Illustration of Derek Powazek by Adam Ellis

NaBloPoMo Q&A 4: The Web Biz

Zazzy asked:

I’m studying web development. Do you have any tips for crossing that hump between moderately-talented-amateur to professional (or you know, semi-almost-professional)?

I’ve worked in the web biz since 1995. Back then, there were no courses in web stuff. No degrees. So the people who got hired were the ones with “killer homepages” (to use the parlance of the time).

Since then, the web has blossomed into the newest form of mass media, colleges have begun offering courses and degrees in web design, and the entire industry has reinvented itself a time or two.

And you know what’s changed when it comes to making hiring decisions? Exactly nothing.

This goes for coders and designers, fulltimers and freelancers. It’s all about the work. Either you have good work and you’ll get hired, or you don’t and you won’t. And all the degrees and work experience and personal recommendations in the world will not help you if your homepage blows. (Aside to Zazzy: I’m not dissing your homepage! I’m just giving general advice.)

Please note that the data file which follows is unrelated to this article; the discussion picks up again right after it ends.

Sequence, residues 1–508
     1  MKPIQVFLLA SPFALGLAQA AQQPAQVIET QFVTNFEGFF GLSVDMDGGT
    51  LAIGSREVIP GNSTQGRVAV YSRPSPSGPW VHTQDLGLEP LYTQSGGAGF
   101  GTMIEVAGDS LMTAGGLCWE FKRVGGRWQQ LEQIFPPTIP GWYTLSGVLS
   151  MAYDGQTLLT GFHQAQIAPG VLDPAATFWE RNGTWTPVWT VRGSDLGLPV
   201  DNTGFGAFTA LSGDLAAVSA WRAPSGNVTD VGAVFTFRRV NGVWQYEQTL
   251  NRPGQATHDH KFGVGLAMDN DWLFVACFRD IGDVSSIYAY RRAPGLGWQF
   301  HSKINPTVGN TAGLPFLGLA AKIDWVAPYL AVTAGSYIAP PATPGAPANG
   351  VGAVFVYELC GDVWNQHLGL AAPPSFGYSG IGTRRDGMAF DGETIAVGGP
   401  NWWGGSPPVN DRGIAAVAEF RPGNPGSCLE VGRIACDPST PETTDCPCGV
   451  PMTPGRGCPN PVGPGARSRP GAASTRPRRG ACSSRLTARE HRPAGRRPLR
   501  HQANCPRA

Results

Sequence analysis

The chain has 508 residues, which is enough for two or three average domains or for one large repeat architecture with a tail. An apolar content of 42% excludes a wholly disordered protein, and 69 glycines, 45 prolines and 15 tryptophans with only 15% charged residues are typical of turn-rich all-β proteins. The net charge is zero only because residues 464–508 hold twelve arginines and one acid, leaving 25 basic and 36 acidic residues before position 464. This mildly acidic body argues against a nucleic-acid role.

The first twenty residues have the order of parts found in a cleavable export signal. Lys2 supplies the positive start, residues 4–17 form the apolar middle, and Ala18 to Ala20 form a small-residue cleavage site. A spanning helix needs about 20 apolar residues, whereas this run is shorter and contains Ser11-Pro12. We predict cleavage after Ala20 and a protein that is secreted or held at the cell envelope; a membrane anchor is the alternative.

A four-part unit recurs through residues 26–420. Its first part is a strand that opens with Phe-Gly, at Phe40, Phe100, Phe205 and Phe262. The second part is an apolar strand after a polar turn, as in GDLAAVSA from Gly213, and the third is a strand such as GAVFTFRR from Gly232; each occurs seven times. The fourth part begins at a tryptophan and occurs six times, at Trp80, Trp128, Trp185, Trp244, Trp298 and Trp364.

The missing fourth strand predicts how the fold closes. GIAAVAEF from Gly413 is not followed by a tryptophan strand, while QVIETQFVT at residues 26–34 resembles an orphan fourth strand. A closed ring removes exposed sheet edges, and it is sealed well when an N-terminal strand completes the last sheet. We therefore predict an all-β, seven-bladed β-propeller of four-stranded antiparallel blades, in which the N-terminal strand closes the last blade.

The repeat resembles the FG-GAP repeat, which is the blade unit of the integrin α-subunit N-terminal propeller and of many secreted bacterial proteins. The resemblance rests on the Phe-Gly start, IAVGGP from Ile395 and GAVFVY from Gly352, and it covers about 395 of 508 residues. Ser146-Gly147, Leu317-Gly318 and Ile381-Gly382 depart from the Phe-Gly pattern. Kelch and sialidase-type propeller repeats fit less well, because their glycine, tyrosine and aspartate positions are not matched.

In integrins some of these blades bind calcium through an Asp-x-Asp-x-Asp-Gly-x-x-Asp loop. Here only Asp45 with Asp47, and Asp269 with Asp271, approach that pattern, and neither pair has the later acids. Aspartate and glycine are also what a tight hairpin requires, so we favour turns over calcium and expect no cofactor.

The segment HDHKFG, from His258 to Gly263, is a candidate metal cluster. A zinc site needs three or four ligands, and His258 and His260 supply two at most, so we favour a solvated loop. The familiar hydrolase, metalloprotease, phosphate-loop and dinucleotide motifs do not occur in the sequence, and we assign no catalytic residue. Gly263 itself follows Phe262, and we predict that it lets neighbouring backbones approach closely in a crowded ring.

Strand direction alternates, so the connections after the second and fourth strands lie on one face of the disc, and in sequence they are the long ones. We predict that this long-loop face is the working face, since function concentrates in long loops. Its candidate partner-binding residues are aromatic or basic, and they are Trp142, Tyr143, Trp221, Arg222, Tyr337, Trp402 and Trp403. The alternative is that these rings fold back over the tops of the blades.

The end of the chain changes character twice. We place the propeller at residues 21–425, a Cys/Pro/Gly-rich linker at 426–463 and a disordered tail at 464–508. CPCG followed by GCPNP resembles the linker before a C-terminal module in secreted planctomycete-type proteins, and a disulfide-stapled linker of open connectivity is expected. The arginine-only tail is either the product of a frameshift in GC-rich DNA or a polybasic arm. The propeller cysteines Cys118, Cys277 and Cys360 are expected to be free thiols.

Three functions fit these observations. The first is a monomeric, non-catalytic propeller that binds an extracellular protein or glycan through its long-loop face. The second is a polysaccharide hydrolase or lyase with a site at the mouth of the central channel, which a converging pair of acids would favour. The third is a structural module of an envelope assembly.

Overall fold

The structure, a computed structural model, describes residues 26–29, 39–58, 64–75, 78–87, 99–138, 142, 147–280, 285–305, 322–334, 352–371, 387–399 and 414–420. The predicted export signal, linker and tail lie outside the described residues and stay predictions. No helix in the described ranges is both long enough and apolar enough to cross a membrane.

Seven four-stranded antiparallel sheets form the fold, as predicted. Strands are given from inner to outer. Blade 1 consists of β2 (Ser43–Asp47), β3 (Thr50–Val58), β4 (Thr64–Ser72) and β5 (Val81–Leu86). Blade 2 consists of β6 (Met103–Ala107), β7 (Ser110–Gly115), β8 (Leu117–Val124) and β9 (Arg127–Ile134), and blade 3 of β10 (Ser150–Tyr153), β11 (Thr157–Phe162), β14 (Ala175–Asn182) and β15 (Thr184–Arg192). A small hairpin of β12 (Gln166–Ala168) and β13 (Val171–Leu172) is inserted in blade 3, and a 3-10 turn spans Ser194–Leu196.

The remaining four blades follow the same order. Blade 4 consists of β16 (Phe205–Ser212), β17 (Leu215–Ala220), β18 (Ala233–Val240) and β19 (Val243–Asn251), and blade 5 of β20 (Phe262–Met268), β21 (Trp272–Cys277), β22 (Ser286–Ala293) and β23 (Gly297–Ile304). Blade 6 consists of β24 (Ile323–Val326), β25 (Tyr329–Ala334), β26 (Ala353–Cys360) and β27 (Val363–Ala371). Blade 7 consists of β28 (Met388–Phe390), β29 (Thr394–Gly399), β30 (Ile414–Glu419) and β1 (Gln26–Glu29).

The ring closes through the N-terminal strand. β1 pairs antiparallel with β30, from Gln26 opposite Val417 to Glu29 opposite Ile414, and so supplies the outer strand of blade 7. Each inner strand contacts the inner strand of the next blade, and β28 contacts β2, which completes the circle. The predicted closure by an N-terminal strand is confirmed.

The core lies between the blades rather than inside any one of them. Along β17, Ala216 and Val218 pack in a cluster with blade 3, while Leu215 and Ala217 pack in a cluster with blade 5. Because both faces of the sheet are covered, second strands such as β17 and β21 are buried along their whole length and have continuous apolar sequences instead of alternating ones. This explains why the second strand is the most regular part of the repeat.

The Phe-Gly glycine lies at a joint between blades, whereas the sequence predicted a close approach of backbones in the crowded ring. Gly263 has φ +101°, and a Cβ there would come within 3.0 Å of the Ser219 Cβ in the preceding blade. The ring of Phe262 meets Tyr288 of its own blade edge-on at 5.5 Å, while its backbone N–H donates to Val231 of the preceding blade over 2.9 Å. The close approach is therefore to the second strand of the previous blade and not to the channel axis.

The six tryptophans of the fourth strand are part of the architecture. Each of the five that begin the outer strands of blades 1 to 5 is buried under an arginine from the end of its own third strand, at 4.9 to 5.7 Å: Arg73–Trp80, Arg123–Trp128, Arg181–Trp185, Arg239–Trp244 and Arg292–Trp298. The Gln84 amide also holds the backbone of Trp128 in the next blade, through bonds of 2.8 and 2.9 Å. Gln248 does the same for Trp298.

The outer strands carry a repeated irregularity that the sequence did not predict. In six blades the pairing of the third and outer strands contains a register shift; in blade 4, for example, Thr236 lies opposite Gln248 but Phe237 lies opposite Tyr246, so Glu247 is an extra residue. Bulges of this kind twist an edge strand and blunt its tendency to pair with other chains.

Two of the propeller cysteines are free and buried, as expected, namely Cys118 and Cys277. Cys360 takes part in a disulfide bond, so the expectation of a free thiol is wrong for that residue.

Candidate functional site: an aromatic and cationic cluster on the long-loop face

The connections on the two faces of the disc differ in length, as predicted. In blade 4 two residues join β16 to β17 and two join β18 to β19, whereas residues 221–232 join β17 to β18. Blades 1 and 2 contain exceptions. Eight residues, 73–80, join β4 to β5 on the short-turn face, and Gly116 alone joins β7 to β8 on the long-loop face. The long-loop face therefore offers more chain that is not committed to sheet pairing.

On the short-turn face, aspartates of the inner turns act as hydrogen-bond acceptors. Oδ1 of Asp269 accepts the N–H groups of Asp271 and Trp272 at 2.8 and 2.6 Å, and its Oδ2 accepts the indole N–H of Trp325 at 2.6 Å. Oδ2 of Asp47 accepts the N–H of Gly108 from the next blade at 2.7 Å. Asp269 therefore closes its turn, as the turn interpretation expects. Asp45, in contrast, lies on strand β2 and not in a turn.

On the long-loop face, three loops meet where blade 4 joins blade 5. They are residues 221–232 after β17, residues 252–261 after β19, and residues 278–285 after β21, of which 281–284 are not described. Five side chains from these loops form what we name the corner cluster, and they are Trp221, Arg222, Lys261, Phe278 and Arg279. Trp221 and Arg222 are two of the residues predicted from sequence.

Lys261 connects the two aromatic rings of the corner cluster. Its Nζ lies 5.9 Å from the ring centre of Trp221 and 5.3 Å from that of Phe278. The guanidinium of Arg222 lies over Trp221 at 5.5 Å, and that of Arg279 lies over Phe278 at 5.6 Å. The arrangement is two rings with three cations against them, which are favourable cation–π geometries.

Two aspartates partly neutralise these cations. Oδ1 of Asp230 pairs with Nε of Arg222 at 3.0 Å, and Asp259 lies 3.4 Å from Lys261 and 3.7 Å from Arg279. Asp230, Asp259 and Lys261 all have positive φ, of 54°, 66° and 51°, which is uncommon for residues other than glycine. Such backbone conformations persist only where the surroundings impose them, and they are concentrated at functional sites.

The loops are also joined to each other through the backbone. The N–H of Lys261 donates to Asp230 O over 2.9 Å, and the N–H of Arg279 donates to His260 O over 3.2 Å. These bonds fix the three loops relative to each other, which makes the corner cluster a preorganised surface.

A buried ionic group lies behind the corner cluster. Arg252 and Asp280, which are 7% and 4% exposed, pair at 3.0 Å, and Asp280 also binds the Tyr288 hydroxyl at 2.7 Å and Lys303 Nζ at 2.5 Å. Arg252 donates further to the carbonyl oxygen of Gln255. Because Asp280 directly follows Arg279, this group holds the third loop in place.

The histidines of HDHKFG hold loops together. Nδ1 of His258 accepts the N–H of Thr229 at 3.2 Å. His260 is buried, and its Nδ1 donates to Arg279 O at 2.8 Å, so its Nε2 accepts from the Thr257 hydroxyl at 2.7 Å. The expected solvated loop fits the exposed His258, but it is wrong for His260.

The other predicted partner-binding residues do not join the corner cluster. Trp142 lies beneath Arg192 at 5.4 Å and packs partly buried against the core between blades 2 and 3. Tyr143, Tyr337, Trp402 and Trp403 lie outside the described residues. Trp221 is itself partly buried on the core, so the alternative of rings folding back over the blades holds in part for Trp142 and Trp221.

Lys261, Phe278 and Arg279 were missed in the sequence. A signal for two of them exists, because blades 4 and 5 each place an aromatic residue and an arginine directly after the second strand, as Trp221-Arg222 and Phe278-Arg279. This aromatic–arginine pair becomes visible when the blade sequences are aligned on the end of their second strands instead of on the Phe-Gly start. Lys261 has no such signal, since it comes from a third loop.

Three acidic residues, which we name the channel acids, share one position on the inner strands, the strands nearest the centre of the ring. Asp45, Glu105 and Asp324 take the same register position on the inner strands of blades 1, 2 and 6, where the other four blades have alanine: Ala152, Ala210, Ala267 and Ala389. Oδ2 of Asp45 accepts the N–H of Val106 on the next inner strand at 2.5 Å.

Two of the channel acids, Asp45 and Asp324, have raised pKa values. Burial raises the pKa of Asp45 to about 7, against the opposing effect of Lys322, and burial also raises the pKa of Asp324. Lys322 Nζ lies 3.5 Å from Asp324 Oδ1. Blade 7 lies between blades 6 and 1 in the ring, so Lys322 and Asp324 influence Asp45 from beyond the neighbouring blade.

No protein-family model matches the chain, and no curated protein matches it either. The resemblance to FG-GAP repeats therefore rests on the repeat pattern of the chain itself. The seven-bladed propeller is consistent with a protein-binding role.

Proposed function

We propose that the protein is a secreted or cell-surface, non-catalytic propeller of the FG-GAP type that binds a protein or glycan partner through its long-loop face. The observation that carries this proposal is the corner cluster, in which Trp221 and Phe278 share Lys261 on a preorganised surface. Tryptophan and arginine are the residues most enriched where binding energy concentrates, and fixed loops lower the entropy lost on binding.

I’ve been in on hiring decisions at many web companies over the years, but my methodology hasn’t changed. Step one is to check the candidate’s URL. If he doesn’t have one, he’s out. If she’s applying for a coder position and her site doesn’t validate, she’s out. If he’s applying for a design role and his site is ugly, he’s out.

If your work passes muster, then the interview happens, and the usual interview advice applies. Be cool, tell stories about the work you’ve done, the decisions you made, and how you’ve learned. Be funny and friendly and relaxed. Show that you can work with a diverse group of crazy people like me.

But you’ll never get there if you can’t show the work. So focus on your homepage relentlessly. If you don’t have anything to put in your portfolio, contact a local organization and offer to work for them for free. Make a site for a friend. Just make sure it kicks ass.

And a tip: The clients/jobs you get in the future will be like the ones you take today. So make sure you’re working in an area that interests you. Do one gig for an orthodontist, and the next thing you know, you’ll be the go-to person for local orthodontia sites. Good if you like that stuff, bad if you don’t.

Good luck! Thanks for the question, Zazzy! Who else has one?

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Hi, I’m Derek. I used to make websites. Now I grow flowers and know things. I’m mostly harmless. More.